Hi Alan: Love the books. I have put together my first watch list and paper trades (I am using a virtual trading account on the CBOE website, the only one I was able to find that doesn’t require a funded account to use). Very exciting, but I do have just a couple of questions about the construction of the watch list and order entry.

    I understand that in order for a stock to be included on the watch list that it must have strong fundamentals as determined by the IBD100/Investors.com SmartSelect Ratings Checklist and the StockScouter rating. My question has to do with the technical analysis. Does the stock have to have positive signals from ALL the TA tools before it makes the list? My interpretation seems to indicate that the upward direction of the 20-day EMA, and having the price bars above the 20-day EMA, qualifies a stock for inclusion on the watch list, and that the other indicators (MACD, Stochastics, Volume) are used for confirming buy/sell signals. Do I have that right?

    Also, do you ever use a debit limit order when entering trades? I have found this order useful because I sometimes have troble getting to my computer during the day. I can place the order before the market opens, and not only do I get to buy the stock and sell the call simultaneously, it also allows me to play the bid/ask spead at the same time. Any thoughts on this?

    Thanks for your time.

    Best regards,
    Tedd

  13. admin August 14, 2009 4:33 am #

    Tedd,

    I’m glad that my books have turned you on to this type of investing. I congratulate you on taking this initial time to paper trade.

    You absolutely have it right on technical analysis. My preference is to add stocks to my watchlist that are uptrending. As they say on Wall Street: The trend is your friend. If one of these equities should enter a period of consolidation (move sideways), they are not necessarily bumped from the list or even my portfolio. I use the confirming indicators to further enhance my stock selection decisions and for buy/sell and strike selection determinations. They also play a major role in exit strategy executions.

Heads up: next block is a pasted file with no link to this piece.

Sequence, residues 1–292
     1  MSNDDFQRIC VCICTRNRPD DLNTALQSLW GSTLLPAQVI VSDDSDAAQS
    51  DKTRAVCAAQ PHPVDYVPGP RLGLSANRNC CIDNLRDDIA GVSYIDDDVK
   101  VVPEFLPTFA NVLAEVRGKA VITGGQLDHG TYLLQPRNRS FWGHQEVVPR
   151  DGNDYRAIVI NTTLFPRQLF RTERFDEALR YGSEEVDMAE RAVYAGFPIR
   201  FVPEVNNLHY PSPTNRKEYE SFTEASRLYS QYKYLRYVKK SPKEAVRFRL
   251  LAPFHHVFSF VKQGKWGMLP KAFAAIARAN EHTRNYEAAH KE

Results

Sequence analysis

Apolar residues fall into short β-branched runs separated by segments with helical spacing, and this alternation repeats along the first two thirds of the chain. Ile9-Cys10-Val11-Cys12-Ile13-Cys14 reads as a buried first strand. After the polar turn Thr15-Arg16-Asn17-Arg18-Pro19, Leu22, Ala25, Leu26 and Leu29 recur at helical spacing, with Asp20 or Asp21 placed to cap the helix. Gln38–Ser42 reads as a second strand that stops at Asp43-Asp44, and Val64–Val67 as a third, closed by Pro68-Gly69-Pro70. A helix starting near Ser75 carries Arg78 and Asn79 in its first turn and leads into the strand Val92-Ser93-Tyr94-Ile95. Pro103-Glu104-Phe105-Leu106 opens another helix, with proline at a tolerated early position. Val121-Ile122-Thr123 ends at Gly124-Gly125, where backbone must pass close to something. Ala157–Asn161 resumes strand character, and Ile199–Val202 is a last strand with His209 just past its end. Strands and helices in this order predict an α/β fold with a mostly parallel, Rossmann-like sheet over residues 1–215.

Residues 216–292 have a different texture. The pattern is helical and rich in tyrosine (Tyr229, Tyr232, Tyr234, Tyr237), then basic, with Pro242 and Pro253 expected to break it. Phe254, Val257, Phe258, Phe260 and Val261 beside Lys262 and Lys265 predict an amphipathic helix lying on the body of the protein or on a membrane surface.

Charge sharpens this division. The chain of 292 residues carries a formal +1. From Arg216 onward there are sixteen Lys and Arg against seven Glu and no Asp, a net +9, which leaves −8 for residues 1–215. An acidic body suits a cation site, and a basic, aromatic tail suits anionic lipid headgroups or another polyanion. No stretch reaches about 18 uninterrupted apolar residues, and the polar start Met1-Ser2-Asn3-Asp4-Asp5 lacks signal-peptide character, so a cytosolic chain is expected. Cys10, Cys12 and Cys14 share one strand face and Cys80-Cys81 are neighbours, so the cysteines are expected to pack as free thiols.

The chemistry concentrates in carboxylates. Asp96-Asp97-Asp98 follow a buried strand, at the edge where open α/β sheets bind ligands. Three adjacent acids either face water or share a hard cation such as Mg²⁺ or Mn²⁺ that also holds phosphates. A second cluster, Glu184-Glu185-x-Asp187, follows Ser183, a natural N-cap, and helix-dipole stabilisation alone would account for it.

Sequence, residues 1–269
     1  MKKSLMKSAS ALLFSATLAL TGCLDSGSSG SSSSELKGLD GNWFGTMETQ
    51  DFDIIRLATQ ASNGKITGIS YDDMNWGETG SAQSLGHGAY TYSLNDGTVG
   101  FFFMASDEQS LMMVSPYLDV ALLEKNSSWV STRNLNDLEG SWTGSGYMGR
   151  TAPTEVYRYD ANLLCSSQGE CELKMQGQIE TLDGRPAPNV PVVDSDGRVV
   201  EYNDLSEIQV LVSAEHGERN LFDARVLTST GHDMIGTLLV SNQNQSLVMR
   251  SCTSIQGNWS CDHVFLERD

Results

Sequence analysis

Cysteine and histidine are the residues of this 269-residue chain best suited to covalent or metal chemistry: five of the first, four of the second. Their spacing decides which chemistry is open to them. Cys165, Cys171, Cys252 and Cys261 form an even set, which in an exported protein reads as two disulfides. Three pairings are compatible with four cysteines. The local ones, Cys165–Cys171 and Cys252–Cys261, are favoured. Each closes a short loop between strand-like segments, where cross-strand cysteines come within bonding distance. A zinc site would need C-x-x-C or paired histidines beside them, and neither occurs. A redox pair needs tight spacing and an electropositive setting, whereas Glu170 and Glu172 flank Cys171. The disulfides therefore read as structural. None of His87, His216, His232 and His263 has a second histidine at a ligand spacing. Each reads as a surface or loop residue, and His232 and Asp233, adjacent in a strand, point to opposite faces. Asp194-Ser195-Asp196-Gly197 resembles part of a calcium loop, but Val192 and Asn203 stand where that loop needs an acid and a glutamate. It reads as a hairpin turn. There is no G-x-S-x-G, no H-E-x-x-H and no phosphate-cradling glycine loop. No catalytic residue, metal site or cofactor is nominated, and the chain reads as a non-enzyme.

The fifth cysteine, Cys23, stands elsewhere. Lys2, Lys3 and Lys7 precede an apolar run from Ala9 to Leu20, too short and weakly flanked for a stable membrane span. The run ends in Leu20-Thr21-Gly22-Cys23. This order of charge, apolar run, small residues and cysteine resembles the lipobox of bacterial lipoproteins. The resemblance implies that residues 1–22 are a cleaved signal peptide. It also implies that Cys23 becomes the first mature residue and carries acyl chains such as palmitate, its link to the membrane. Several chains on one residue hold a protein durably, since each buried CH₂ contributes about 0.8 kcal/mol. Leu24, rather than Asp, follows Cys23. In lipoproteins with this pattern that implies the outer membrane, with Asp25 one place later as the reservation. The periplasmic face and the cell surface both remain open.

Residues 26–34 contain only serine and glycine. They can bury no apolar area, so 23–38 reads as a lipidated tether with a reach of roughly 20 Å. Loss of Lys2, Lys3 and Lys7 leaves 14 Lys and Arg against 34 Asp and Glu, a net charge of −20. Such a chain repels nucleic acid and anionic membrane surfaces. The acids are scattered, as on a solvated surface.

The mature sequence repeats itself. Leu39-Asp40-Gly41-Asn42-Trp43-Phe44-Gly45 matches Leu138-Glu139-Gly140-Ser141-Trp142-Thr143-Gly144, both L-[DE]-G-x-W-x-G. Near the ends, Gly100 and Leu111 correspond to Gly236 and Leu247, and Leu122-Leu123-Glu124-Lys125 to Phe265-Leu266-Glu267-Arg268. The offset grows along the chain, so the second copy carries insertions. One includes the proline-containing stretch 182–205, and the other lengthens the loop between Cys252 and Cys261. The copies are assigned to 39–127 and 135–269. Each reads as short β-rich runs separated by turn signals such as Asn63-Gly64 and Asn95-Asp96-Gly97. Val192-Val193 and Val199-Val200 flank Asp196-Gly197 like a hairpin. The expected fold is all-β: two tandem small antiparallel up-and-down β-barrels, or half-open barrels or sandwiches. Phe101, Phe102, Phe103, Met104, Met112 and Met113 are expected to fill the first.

As far as placing a net debit order pre-market, this would be a good solution since you can’t get to the computer during the day. Many investors prefer this over “legging in” if their online discount brokers permits. You may want to set the net debit .05 higher (pay a drop more) to enhance your chance of execution. Further discussion of this topic may be an idea for a future journal article.

    Keep up the good work.

    Alan

  14. Jim August 14, 2009 2:23 pm #

    Hi Allen,

    I’m new and I may have something out of order. It wouldn’t be the first time as I found your Exit Strategy book first which led me to your Cashing in on CC book. By the way, I’ve read several other CC books and yours is by far the best organized and explained.

    I paper traded for 3 months and did very well following your books to the letter. But continuing to tippy-toe into this, I decided to use some QQQQ’s I already own.

    I did STO AUG 38 call @ 1.19 last month (average sell around 7/22).

    I’m embarrassed to admit my basis in QQQQ is north of $50 and maybe that’s the problem. As Friday expiration draws near, the exit strategy is looking cloudy to me:
    1. Assignment.
    2. Rolling out looks meager but okay.
    3. Rolling out and up looks like a loss.

    I’m expecting QQQQ to continue up. If I roll out this month and the calcs continue to be similar next month, could this be a spiraling hole of devalued premium by the time share prices reach my basis?

    Should I have bought new QQQQ shares simultaneously with the STO AUG 38 for my education?

    Maybe assignment is the way to go as I would keep all the premiums less commissions. There could be some price volatility in after hours trading while I wait to buy them back.

    Any words-of-wisdom for a neophyte?

    Jim

  15. admin August 14, 2009 3:48 pm #

    Jim,

    First let me thank you for your generous remarks and welcome you to the world of Blue
    Collar Investing.

    Some points to consider:

    1- Owning the Qs north of $50 makes you part of a very large group of investors. You’re not alone!

    2- When you sell a call, you are agreeing to sell the security at that price and that becomes your cost basis, not your original purchase price. At that point in time your shares are worth $38 (unless below the strike at that time) and you’re deciding what to do with that cash.

    3- It’s a little early to execute an expiration Friday exit strategy but if we did with the current numbers, here is what you would be considering:

    4- You can roll out:

    B-T-C @ $$1.89
    S-T-O @ $2.29
    ROO= 40/3800 = 1.1%, 1-month return
    Downside Protection = 163/3800 = 4.3%

    5- You can roll out and up to the September $39

    B-T-C @ $1.89
    S-T-O @ $1.58
    Now this appears to be a loss of .31 but it’s not because we are also “buying up” the value of our security from $38 to $39, for a +1.00. Therefore….

    ROO = 1.00 – .31 /3800 = 1.8%
    Upside potential = 37/3800 = 1%, for a possible 2.8%, 1-month return.

    6- I’ll leave it to you to calculate other strikes or you can use the ESOC (What Now tab). The math can be a little tricky and that’s why I created the ESOC, excel calculator.

    Alan